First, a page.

full image: Caves to Cosmos painting

Caves to Cosmos

Composed of seven panels, the complete work measures forty-nine feet wide and has an impressive presence. This unique, narrative, timeline art installation describes the origins of human creativity. This work is available for sale or exhibit. Please contact Beth Neville for details.

(Drag to scroll the panoramic view below, viewing the work’s entirety.)

Caves to Cosmos is a monumentally sized canvas, height 5 feet by length 49 feet. Topically it explores the history of human creativity, from ancient prehistoric cave pictographs to our newest knowledge of the beginnings of the cosmos.

The painting is part of a trilogy, of which the first two paintings are completed. Eternal Recurrence of the Same constitutes the first segment (5′ x 70′). The last segment (size to be determined) will employ a DNA strand as a motif and will explore the evolution of life on planet Earth, as we know it today.

Caves to Cosmos is made of seven panels each 5′ x 7′ which may be displayed as a complete unit, or singly. The acrylic paint is applied in very small independent strokes often 1/4 inch in size. The surface result is like a tapestry made of many bright, scintillating dots similar to Pointillism.

In every panel the artist has included quotations from other art, artists and art styles. Therefore, the painting reflects the evolution of human knowledge, and the history of art. Beginning with ancient cave writings and drawings, the motifs evolve through historical time to the present.

About the Work

(Click the images below to see them enlarged.)

Panel #1, Ancient Human Creativity

caves to cosmos painting, panel 1Panel One uses Paleolithic pictographs, Lascaux cave art, Australian aboriginal art, African sculpture, Cycladic idles, Easter Island stone heads, and Assyrian art. The setting is an ancient rock cave, which incorporates imaginary monsters. In the opening of the cave a view of the Big Sur of California coast is visible, an image intended to be a jewel — like a Faberge Egg. Along the coast, the ice plants turn red in fall weather and the color mixes with a transitional scene including Christo’s Umbrellas placed along Route #5 outside of Los Angeles. (The artist was present at the moment a woman spectator was crushed by one of the umbrellas in a violent wind.)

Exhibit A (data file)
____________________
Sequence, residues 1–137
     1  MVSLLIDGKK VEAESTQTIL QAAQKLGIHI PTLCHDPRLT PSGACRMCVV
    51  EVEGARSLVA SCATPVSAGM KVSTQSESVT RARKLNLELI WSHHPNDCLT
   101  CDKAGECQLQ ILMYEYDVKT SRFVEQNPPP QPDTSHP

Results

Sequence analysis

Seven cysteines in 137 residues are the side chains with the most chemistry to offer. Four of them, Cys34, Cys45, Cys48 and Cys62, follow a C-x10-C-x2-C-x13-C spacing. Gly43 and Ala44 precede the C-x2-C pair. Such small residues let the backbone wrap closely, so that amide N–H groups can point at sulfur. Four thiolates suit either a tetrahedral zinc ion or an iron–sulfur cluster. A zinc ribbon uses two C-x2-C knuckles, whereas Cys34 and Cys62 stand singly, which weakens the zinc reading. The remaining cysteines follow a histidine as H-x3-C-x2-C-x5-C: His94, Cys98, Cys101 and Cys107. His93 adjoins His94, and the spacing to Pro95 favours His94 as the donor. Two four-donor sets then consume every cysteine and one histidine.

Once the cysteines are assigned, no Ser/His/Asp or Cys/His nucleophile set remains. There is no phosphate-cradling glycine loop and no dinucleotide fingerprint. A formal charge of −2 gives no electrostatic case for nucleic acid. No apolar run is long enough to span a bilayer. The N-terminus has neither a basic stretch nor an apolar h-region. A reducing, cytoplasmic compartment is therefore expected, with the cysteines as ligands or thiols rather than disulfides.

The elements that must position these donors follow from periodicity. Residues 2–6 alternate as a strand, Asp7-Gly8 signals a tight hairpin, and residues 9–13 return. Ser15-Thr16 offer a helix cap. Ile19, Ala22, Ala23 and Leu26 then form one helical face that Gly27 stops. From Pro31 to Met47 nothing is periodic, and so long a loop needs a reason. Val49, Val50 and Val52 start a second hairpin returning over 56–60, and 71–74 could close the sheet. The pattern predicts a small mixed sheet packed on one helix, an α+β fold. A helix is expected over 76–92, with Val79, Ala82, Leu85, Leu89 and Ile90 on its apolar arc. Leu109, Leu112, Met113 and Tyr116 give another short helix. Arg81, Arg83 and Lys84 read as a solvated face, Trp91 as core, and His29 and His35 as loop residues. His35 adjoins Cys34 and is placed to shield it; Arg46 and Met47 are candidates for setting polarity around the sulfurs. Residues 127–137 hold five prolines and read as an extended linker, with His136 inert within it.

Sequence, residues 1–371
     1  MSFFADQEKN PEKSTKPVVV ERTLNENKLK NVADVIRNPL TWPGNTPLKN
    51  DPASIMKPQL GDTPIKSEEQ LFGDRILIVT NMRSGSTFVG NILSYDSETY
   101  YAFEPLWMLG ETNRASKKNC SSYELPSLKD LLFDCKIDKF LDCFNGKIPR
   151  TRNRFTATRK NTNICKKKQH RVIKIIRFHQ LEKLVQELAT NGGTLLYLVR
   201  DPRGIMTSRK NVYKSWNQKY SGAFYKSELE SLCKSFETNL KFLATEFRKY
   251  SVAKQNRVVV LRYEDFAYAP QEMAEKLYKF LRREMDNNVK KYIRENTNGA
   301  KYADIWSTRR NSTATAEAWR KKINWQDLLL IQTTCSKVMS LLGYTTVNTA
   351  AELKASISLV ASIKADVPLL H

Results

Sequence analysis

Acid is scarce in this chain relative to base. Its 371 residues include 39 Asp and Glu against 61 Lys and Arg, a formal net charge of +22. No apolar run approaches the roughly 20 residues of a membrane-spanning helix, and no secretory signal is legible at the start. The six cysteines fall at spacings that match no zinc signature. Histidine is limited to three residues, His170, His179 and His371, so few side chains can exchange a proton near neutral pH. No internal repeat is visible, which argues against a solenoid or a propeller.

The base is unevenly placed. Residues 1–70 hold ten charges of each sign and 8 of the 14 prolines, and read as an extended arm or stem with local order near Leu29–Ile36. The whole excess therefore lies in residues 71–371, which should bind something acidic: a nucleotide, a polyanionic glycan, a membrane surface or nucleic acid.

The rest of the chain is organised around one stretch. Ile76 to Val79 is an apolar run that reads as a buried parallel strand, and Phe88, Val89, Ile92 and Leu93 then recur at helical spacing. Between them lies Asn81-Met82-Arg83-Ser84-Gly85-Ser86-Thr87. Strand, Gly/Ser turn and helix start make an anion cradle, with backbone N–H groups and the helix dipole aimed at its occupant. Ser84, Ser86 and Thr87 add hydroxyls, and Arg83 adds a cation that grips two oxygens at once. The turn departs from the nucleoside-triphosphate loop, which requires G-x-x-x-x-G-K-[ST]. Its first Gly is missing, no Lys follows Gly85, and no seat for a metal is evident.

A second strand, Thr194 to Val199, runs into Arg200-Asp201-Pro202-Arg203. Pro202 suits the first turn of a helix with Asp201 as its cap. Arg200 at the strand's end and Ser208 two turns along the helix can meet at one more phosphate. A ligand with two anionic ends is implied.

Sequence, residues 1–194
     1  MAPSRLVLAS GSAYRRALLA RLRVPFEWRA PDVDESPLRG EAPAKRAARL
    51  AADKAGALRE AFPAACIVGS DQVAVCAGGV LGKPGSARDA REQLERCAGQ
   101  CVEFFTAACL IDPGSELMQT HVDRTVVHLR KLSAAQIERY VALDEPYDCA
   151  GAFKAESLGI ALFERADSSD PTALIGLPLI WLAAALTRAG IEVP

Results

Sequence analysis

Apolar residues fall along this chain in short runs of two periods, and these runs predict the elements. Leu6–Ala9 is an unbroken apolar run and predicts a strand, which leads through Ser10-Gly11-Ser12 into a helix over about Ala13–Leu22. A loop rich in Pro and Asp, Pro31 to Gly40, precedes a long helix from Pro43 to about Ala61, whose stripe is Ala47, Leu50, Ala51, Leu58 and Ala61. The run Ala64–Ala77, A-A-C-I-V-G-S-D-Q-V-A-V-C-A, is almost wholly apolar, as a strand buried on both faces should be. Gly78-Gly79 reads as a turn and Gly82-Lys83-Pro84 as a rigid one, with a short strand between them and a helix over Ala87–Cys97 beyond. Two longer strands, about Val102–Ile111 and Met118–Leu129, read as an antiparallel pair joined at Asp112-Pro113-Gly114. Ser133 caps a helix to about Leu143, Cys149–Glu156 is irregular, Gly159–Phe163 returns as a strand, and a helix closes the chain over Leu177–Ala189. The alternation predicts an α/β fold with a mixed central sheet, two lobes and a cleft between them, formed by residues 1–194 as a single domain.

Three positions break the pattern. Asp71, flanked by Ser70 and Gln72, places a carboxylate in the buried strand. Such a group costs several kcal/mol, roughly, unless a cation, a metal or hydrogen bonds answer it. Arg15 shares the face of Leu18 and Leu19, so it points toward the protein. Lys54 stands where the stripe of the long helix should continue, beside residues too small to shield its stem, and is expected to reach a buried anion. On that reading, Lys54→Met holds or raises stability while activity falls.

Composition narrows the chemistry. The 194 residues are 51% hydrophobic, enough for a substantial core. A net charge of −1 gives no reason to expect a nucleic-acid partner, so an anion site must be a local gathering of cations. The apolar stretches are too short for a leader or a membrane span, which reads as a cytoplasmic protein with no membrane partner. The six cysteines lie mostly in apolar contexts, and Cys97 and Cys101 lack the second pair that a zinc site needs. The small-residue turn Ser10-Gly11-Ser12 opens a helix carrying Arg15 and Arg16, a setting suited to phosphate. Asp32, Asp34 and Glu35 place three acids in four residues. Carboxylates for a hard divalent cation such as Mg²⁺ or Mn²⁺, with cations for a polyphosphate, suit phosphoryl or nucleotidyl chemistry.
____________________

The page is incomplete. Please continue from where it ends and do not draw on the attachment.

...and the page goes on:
Panel #2, Agrarian Revolution

Caves to Cosmos, Panel 2Panel Two depicts the Garden of Eden, as a rose ranch in ’s friends, co–owner of the rose ranch died of AIDS) In the upper left, two farmers (the artist’s parents) are painted as a quotation from Millet’s praying peasants. Placed at the “pot of gold” at the end of the rainbow, the basket contains apples, not potatoes. In the lower right a rose ranch worker harvests long stemmed roses in a basket, (a symbol of fertility) but in his left hand he carries a long scissors, (symbol of the reaper of death.) A multicolored rainbow (a symbol that appears frequently in Neville’s works) arcs overhead, springing from a violent cloud storm in the upper left.

Panel #3, Growth of the World’s Religions